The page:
Effect of reducing elevated blood pressure on cerebral circulation.
Circulation to the brain is protected not only by autoregulation, which maintains cerebral blood flow (CBF) in spite of a decrease in mean arterial pressure, but also by baroreflexes that tend to prevent or minimize hypotension. Hypertensive patients have impaired cerebral autoregulation and depressed baroreflex sensitivity, suggesting that the brain might be vulnerable to a reduction in blood pressure. Nevertheless, in clinical experience, studies of cerebral blood flow during drug-induced reduction of elevated blood pressure have shown that control of hypertension can usually be achieved without jeopardizing cerebral blood flow or inducing signs and symptoms of cerebral ischemia, even in patients with cerebrovascular disease. Indeed, control of hypertension reduces both the risk of stroke and the recurrence rate for second strokes.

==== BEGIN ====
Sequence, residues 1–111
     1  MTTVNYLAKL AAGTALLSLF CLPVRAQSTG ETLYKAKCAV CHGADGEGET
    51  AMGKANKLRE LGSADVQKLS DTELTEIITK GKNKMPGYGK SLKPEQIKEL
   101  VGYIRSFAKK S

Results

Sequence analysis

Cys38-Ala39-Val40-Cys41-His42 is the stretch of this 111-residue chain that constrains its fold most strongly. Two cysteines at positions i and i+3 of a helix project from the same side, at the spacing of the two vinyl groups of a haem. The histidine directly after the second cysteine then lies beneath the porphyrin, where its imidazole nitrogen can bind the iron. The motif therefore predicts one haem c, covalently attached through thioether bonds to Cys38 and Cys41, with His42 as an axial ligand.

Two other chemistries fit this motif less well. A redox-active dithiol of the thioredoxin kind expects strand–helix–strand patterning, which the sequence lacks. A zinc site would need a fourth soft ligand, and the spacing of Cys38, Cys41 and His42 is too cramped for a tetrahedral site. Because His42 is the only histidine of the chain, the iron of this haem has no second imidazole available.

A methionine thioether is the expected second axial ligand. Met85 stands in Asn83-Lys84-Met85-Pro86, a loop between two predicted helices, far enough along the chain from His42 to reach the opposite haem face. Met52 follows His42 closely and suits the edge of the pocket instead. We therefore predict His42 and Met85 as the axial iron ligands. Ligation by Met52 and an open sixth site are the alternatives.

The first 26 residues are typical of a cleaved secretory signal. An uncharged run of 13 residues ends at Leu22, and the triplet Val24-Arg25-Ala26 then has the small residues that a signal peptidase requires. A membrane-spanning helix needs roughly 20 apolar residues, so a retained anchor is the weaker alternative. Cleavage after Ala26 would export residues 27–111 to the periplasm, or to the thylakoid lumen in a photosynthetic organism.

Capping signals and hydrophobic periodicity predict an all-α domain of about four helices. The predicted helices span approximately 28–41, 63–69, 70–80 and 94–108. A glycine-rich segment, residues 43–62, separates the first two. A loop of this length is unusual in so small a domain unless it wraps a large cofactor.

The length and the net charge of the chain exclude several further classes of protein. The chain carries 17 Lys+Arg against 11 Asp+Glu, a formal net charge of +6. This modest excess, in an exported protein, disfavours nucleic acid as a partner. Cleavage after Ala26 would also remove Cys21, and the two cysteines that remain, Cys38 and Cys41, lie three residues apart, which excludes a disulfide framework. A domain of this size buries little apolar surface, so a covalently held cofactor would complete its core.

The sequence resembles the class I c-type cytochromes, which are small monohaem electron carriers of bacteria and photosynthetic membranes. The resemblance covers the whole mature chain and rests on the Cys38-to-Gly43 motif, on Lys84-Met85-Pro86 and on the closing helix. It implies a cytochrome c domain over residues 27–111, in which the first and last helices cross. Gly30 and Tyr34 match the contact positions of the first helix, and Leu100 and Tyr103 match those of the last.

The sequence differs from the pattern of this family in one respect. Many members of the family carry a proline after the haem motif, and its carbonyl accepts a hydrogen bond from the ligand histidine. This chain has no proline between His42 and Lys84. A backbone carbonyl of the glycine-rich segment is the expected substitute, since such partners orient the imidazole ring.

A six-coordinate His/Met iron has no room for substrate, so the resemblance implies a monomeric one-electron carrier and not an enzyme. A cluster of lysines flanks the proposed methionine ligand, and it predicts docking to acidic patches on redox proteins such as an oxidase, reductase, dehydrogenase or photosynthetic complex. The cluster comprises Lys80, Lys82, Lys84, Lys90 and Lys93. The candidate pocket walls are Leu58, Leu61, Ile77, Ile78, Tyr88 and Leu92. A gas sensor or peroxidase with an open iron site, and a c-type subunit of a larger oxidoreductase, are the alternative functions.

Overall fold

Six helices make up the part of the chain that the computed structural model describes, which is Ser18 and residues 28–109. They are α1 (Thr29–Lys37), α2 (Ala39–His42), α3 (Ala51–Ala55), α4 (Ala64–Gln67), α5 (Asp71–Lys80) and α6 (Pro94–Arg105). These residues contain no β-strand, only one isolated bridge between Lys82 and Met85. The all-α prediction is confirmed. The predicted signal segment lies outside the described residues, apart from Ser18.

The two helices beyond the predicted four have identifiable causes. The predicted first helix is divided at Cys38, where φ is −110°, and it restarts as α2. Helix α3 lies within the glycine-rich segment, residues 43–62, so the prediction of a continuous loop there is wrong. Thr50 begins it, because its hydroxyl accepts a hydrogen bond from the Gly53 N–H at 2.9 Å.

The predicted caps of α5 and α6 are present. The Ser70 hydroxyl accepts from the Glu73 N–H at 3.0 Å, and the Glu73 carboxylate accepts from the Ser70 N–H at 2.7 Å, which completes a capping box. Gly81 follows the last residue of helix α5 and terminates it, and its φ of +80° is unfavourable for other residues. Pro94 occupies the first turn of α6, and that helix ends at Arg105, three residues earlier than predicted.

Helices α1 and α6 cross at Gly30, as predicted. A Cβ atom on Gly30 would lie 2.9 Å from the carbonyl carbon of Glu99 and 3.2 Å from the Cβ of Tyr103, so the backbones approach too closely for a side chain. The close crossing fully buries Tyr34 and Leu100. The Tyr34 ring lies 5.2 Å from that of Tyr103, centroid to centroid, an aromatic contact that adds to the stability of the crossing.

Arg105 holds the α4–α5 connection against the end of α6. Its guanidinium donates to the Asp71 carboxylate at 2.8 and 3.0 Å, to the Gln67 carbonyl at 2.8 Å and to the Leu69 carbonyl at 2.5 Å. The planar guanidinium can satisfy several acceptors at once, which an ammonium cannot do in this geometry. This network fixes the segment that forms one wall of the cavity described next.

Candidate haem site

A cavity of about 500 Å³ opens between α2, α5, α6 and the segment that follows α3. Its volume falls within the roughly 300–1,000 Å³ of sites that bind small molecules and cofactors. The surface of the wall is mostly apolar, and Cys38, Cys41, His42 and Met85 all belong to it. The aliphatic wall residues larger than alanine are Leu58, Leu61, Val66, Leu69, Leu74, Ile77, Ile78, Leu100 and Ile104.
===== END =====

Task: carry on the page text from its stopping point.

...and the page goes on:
- Copyright © 1983 by American Heart Association